In the final round, the two remaining players played a showdown for all the money in the bank. To start, the "Strongest Link" from the last round (or, in the second syndicated season, the second-strongest if that player had been voted off) decided if he/she should go first or let his/her opponent go first. Then the players took turns answering their own questions. Each player received up to five questions (three in syndication), and the player with the most correct answers won the game. If there was a tie after everybody was asked all of their questions, the game shifted into a sudden death playoff. Questions continued in pairs (they still alternated turns answering questions), and the one player who could manage to answer his/her question correctly when his/her opponent could not answer his/hers, won the game.
The winner of the game got to keep all the money in the bank, while the loser & 4 or 6 others eliminated from the game would leave with nothing.
Ironically, the highest amount won on the prime time version was $189,500 on the Tournament of Losers special (this is also the highest amount of money ever won on The Weakest Link worldwide). The lowest won was $22,500, on the Fear Factor Champions special. The lowest amount won on the daytime version was $1,000, while the highest was $53,000.
The highest amount won on a Celebrity Edition of the show was when LeVar Burton won a "Star Trek Stars" edition with a pot of $167,500.
The following list of countries that did their versions of The Weakest Link includes:
- Belgium (Dutch language only)
- Brazil (as a pilot in 2001 but was later rejected by BBC)
- Czech Republic
- Hong Kong
- New Zealand
- South Africa
- United Kingdom (country that originated the program)
- Anne Robinson not only hosted the American version, but she also hosted the original British version.
- George Gray hosted the syndicated show in the beginning of 2002 and ended in 2003.
- This was the only version out of all international versions where the contestants actually applauded and cheered whenever the target was hit and the host told them not to in some way. This was also the only show where applause occurred only at the end of each show. In addition, this is one of two shows to have music playing throughout; Greed is the other.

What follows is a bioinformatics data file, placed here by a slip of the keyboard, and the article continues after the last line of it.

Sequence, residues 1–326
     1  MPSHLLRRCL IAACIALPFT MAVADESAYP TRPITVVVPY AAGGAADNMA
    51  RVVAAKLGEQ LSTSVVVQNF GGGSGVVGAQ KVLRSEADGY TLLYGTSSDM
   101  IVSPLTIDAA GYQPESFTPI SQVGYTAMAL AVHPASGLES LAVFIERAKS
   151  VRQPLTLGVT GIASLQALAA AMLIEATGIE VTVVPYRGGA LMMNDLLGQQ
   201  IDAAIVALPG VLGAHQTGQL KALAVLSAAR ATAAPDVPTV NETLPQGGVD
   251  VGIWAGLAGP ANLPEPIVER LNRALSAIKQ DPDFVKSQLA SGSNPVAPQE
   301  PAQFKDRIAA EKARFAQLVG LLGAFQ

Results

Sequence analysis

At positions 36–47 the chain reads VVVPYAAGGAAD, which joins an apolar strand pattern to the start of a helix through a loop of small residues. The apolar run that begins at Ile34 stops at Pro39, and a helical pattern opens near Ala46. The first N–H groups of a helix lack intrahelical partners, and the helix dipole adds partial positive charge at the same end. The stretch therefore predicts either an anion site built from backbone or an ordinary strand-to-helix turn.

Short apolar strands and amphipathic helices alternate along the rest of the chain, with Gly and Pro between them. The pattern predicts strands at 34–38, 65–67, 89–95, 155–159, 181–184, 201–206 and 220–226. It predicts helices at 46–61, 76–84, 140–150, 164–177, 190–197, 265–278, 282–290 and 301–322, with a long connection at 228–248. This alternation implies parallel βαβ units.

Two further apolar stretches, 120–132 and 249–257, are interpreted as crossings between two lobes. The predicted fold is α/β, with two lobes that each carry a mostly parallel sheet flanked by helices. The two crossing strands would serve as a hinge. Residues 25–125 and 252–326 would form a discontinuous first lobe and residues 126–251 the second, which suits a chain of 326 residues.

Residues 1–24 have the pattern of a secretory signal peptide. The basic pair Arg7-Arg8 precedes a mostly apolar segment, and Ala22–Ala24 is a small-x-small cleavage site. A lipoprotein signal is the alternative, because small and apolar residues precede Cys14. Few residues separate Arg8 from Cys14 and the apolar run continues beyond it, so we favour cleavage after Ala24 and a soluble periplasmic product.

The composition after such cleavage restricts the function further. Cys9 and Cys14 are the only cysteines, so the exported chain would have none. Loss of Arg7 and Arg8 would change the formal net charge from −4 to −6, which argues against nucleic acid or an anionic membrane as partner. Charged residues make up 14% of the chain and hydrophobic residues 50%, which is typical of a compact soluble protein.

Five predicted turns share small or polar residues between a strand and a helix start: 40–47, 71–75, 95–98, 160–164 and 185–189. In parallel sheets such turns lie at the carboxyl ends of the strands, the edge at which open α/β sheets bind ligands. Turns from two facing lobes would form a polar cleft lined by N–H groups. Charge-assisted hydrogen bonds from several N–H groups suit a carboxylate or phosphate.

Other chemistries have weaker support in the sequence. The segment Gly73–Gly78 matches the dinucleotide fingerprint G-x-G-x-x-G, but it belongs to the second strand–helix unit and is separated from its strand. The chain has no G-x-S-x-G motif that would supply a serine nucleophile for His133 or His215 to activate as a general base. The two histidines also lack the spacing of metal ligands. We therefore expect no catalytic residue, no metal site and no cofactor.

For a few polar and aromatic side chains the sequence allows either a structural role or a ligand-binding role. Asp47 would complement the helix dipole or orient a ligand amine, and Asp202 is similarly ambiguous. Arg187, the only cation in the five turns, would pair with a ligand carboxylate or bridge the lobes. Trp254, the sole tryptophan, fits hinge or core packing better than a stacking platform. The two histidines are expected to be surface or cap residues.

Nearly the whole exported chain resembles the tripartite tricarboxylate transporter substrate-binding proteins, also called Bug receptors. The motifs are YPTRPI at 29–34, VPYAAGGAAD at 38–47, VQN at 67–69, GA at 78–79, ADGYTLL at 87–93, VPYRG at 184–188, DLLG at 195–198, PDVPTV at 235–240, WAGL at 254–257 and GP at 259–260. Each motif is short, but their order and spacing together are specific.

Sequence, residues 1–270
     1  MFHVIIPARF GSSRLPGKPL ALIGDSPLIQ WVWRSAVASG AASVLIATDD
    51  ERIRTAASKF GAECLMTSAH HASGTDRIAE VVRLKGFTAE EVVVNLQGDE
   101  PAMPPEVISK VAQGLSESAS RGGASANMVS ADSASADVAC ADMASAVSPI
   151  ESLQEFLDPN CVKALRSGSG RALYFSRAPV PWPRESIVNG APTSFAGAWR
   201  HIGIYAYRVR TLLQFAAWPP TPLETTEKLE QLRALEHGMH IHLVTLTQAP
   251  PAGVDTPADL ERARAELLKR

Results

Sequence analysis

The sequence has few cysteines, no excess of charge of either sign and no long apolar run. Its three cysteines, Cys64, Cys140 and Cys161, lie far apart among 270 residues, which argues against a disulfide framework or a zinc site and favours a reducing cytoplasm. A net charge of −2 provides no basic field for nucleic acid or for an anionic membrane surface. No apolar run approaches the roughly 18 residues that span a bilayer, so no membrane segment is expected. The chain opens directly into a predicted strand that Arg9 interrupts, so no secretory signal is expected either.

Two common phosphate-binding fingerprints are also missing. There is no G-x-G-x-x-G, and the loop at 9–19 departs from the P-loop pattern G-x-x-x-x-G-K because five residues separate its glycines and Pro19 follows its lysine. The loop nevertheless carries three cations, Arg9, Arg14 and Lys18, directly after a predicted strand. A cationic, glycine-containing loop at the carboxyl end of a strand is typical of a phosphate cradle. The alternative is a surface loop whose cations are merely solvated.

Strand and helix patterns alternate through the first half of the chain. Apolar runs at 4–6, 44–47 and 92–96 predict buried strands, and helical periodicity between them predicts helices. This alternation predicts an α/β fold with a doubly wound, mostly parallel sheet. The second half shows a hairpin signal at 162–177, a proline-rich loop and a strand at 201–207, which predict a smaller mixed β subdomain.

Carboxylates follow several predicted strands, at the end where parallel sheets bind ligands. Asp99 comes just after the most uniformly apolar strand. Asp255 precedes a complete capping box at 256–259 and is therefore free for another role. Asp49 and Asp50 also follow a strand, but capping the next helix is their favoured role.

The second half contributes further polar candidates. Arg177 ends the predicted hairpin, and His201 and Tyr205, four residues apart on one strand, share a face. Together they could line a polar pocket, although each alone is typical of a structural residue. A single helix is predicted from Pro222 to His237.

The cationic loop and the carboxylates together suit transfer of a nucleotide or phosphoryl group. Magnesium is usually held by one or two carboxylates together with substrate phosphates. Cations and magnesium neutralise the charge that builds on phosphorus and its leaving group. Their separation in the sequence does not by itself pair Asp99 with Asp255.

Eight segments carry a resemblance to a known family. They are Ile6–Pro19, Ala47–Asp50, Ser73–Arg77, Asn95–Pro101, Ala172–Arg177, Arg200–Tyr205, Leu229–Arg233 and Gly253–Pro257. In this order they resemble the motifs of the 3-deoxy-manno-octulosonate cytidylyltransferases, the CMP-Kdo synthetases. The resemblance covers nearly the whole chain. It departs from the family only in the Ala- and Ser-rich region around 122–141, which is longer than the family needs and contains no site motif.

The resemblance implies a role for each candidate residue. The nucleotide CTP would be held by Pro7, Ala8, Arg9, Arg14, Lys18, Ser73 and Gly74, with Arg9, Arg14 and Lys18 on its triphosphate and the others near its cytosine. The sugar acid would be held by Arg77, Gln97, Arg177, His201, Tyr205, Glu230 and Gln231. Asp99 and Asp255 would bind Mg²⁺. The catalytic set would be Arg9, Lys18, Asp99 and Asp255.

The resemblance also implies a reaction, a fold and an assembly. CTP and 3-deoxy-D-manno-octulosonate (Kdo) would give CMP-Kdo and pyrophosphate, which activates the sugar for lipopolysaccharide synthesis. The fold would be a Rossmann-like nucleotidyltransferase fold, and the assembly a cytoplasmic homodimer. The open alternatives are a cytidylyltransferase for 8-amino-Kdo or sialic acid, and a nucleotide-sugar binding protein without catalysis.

- The Hong Kong version's host originally was to act like Robinson, but Hong Kong culture usually does not tolerate this. Bowing to public pressure, Television Broadcasts Limited (TVB), which broadcast the show from 2001 to 2002, made her act nice for the rest of the run. The host for the Hong Kong version in particular was Carol Cheng.
Dirty Rotten Cheater - Uses the same format except this time, one player has all the answers given to him/her. The pilot, entitled Cheaters, used the Weakest Link set.
Based on the show of the same name in the United Kingdom by Fintan Coyle and Cathy Dunning
Official website of the NBC interactive version of Weakest Link (Robinson era) courtesy of Spiderdance
Official website from the president of Spiderdance who's responsible for the interactive version of The Weakest Link
Weakest Link (day & night)
Official website from the Anne Robinson era of The Weakest Link courtesy of the Internet Archive
Official website from the George Gray era of Weakest Link courtesy of the Internet Archive
Chris Lambert's NBC Weakest Link Page
Chris Lambert's Syndicated Weakest Link Page
David's NBC Weakest Link Page
David's Syndicated Weakest Link Page
Rules for the Weakest Link
Weakest Link Fan Site
The Weakest Link @ Tim's TV Showcase
The Only Perfect Chain of the NBC version
A Perfect Chain from the 4th Round of a 2nd season episode of the syndicated version with just one second left!
A Perfect Chain from the Double Round of a 1st season episode of the syndicated version; includes a George Gray impression of Anne Robinson!
A Perfect Chain from the 2nd season of the syndicated version